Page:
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Town of Lewiston officially opens new playground at Kiwanis Park

by jmaloni
Sat, Oct 2nd 2010 11:25 am
The Town of Lewiston held a grand re-opening of the playground at Kiwanis Park on Sept. 25. Shown at the ribbon cutting of the new, state-of-the-art facilities were assorted local elected officials; members of the Kiwanis Club of Lewiston; Courtney Corbetta, newly crowned Peach Queen; and a host of area families and children.
The Town of Lewiston held a grand re-opening of the playground at Kiwanis Park on Sept. 25. Shown at the ribbon cutting of the new, state-of-the-art facilities were assorted local elected officials; members of the Kiwanis Club of Lewiston; Courtney Corbetta, newly crowned Peach Queen; and a host of area families and children.
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Saturday, Sept. 25, marked a rebirth in Lewiston recreation offerings, as town officials and guests cut the ribbon to open a brand-new playground at Kiwanis Park in the Town of Lewiston.

Constructed over past months by town highway crews, the project replaced an outdated facility and was funded by Niagara River Greenway Commission monies. The result is a spanking new facility more than triple the size of the old playground with added safety surfacing and better equipment. The playground got off to a great start last Saturday as about 100 children and parents attended the celebration, complete with hot dogs, balloons and face painters.

Councilman Mike Marra served as master of ceremonies. "As a Town Board member and liaison to Parks and Recreation, I couldn't think of a better use for Greenway funding than this project," Marra stated.

State Assemblywoman Francine DelMonte applauded the playground as exactly the type of project that the Greenway funds were set aside for. "As your representative to the New York State Assembly, I co-sponsored the bill creating the Niagara River Greenway Commission for this type of use. The children in our community deserve to have the best in safety and fun!"

Supervisor Steve Reiter expressed complete satisfaction with the project. "I sure wish that when I was a kid that we had a cool place like this!" exclaimed Reiter. "But certainly the next best thing is being able to vote to approve a project like this, that will allow all of our children and grandchildren to play and enjoy themselves in a safe and incredibly fun atmosphere."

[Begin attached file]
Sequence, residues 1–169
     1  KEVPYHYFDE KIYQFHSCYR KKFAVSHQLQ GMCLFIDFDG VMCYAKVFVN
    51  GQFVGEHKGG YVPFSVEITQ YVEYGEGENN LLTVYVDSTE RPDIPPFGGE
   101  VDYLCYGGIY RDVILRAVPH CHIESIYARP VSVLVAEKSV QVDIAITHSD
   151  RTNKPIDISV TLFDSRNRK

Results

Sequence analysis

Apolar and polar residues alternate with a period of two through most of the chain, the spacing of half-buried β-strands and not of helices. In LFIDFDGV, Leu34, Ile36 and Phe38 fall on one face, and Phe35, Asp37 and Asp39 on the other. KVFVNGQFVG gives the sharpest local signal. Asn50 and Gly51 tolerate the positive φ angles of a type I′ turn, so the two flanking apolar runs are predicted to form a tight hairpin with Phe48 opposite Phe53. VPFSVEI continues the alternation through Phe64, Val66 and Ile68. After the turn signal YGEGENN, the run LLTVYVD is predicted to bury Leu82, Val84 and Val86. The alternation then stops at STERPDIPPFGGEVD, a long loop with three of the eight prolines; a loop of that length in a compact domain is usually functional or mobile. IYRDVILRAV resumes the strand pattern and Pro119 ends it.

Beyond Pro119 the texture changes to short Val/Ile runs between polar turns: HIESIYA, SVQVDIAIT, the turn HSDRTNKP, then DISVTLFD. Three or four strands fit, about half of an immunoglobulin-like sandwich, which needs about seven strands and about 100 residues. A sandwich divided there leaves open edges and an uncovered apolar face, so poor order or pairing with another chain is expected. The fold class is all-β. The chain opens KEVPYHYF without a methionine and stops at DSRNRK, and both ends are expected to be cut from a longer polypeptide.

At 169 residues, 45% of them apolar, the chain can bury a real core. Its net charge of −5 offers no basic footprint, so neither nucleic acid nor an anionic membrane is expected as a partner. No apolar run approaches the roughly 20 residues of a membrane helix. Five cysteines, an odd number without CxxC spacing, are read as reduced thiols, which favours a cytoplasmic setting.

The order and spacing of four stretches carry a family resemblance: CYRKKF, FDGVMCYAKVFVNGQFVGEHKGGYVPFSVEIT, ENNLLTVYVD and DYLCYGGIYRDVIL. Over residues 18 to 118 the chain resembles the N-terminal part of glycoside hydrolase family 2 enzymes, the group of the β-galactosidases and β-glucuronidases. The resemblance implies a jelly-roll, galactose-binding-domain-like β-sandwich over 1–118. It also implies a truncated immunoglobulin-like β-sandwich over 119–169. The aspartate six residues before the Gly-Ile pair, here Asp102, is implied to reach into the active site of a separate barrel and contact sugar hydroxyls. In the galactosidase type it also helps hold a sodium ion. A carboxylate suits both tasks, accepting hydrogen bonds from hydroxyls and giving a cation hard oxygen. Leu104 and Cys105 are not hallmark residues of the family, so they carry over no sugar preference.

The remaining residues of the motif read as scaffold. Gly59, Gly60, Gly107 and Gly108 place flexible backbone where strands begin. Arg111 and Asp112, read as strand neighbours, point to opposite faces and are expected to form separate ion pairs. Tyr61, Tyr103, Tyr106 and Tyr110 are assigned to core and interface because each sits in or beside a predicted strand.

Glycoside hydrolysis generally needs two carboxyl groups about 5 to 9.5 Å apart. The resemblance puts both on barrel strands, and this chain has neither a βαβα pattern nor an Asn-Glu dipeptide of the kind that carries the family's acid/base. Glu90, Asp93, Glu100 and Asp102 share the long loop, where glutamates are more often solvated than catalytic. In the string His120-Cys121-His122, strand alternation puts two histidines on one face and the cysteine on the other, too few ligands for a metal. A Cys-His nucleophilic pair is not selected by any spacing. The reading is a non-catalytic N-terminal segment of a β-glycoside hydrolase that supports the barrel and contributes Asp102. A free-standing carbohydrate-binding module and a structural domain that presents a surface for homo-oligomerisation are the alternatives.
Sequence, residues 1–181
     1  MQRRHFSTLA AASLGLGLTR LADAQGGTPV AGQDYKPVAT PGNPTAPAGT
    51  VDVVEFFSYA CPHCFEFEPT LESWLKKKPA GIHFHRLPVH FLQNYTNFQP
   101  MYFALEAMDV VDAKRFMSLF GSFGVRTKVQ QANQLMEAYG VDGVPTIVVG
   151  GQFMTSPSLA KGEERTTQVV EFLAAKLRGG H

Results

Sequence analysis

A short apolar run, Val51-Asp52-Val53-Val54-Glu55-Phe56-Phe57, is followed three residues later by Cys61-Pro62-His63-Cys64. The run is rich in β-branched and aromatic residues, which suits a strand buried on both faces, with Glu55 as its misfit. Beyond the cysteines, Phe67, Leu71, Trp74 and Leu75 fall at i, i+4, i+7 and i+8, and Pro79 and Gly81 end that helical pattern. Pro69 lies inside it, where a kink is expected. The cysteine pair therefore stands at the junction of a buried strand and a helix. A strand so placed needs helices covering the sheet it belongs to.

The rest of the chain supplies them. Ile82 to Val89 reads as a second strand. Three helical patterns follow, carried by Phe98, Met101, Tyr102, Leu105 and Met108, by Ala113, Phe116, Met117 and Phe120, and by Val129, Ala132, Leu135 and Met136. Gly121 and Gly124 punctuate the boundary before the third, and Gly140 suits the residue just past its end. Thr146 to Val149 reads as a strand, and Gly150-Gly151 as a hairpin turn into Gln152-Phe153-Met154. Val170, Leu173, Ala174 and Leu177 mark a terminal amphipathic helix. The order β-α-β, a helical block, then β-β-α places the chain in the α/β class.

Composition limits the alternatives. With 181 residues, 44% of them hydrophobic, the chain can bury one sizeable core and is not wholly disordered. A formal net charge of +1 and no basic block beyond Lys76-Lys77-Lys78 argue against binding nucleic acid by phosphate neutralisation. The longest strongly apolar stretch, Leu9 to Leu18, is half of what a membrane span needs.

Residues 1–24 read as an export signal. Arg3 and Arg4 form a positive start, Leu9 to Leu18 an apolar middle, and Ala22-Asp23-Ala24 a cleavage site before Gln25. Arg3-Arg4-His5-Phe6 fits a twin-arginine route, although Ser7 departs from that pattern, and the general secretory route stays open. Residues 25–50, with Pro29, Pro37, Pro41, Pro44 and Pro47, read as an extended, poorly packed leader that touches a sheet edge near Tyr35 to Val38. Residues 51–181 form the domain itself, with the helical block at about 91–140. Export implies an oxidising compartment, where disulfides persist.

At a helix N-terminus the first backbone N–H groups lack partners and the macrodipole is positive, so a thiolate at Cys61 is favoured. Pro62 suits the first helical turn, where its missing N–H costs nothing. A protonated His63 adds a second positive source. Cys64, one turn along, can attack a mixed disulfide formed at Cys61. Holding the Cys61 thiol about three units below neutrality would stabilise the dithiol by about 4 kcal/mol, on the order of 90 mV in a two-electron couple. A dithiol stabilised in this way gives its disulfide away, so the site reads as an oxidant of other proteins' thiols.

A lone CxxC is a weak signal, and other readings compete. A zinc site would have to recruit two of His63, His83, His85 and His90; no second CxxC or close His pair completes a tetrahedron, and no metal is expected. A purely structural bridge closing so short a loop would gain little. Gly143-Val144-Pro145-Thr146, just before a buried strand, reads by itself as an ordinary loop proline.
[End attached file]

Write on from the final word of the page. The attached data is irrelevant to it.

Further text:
Reiter turned to the children on hand and asked, "Isn't this park great?" All answered an emphatic "yes."

"My daughter loves it here, and it's just an unbelievable upgrade from what was here," said Kate Chilberg, whose daughter Olivia is a frequent park attendee.

Mike Dashineau, director of Parks and Recreation, reported the project started with complete removal of the old playground, built in 1995. "At the time it was built, the playground served the needs of the immediate community. As population grew with new houses being built around the park, the playground became outdated. In its place, the Town of Lewiston constructed a new playground divided into four areas."

  • The first area is dubbed the "school-age area" and has moderately difficult climbing walls, steep slides, and challenging pathways. This area alone doubled the size of the old playground, Dashineau noted.
  • The second section is the "pathway." It consists of a handicapped-accessible area, which features a mechanical sand digger pit and a row of percussion instruments that can be used to "jam" out on.
  • The third section is the "preschool" section. It's intended to separate the smallest users from others and features less challenging climbs and shorter slides. "Designed for ages 2-6, it's an area that parents with younger children can feel safe at," says Dashineau.

He reports the town added new, state-of-the-art rubber safety surfaces to all of the playground area as well. "While providing an effective and even layer of safety, this surface also allowed the town to keep the natural trees and shade that cover the park. Previously, the town used specially designed safety wood chips for the surface of the playground. However, the trees in the area, with constant shedding of branches, leaves and debris, reduced the effectiveness of the wood chips and its ability to provide a ‘soft landing.' "

  • The fourth section is the brand-new multi-use court. Dashineau said the town acted on suggestions from both tennis and roller hockey players, as both groups were forced to share an area before construction of the multi-use court. He said the court is now separated from the tennis courts and has height-adjustable basketball hoops, as well as lines and nets for roller hockey. "The court is also sealed with a compound specially made for court sports that increases grip and reduces sliding. That means no more slippery tennis courts for roller hockey players."
The park is now open for use.

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